There are many examples of long tail keywords, and in many cases they are the best ones to capture, as they are often used towards the end of a search for a product etc, at the very time the searcher is ready to purchase.

This is just what using a lot of text on a page can do for any website owner, it allowing them in effect to put more hooks in the ‘water’ of the internet. More hooks lead to more fish being caught, this translating to more visitors and thus hopefully sales.

The overlap with Technical SEO

There is also an overlap with the area of technical search engine optimisation to consider here, that of ensuring that the important areas on a page are used to best effect. These include the Title of a page (the most important real estate a page has) to the Header tags (the H1 being the most important and is best used only once). Besides this, using the other attribute tags like Bold, Italic and List should not be overlooked, these all being places where a part of the content of a page will be placed.

Linking Structure

The third arm of SEO trilogy is still very important today, but it must be said is not as all powerful as it was in the not so distant past (when it was said to be possible to get a blank page to position 1 on Google).

Today, it is still necessary to ensure that a domain, and the pages within the site, have a good number of links, the numbers needed being very different from market sector to market sector and from niche to niche, some being more highly contested than others.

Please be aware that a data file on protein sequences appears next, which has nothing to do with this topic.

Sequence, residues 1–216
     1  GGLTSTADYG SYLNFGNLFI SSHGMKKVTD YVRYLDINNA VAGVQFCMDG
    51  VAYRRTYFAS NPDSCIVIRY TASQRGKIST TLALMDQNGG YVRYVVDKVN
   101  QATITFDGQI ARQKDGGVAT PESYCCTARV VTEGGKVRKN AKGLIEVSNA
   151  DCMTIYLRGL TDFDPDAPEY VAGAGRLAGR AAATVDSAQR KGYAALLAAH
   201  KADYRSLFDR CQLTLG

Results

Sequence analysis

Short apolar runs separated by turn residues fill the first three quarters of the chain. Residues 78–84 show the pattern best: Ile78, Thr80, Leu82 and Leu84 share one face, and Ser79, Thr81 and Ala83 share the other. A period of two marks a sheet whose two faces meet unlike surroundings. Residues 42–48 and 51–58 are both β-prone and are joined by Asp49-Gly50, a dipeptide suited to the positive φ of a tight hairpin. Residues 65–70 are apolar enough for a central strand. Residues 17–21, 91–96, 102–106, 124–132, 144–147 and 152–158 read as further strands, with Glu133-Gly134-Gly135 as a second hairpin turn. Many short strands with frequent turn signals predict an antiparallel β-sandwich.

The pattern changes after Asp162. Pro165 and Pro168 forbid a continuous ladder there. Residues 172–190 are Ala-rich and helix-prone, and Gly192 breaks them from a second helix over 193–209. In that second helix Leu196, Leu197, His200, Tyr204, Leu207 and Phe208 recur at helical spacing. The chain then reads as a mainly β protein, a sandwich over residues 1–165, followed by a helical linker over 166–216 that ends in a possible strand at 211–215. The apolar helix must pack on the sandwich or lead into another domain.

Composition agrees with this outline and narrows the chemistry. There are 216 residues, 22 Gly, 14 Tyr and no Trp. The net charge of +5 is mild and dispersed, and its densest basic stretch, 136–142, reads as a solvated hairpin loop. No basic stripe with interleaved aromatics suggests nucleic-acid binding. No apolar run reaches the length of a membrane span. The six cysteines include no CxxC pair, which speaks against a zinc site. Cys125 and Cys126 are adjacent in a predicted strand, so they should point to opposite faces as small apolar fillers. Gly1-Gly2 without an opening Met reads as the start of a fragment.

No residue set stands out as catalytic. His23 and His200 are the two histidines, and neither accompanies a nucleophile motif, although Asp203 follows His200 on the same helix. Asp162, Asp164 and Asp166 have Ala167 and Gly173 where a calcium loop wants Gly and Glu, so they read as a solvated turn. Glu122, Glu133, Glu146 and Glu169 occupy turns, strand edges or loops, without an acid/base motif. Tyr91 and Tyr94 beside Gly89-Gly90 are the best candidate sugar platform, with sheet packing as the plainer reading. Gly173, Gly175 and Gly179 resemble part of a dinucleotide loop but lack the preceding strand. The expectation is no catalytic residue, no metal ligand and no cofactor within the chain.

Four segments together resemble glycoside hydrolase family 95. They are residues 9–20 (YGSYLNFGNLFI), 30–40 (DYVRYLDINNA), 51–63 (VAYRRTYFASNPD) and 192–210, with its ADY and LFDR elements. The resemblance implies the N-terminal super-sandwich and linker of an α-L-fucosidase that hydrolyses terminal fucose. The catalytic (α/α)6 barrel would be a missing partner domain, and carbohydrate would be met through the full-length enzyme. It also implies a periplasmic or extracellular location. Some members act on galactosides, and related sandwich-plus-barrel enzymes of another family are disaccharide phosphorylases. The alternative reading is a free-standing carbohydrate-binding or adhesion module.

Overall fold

There was a big change in the recent past however, a very big change, one that was started with the introduction of the so called  ‘Penguin’ update by Google. Google felt that they had to make these changes to their algorithm as SEO professionals started creating links in huge numbers to get the pages they wanted to the top of the SERPs.

Basically, this algorithm checked (it is now not run every now and then, but is integrated into the rule set that is used every day) on the links pointing to a site, penalising those that had created too many ‘spammy’ links or a linking structure that use too high a percentage of ‘money keywords’ (these are the phrases that are thought to bring in the sales / enquiries).

All of this means that this part of the ‘combined arms’ team needs to be very carefully handled indeed. So carefully that at Serendipity Online Marketing use specially designed software to handle the whole process, thus ensuring that we only build links that will enhance the standing of sites we work on.

 

So that is it, to succeed in SEO you have to use all three ‘arms’ and use them correctly.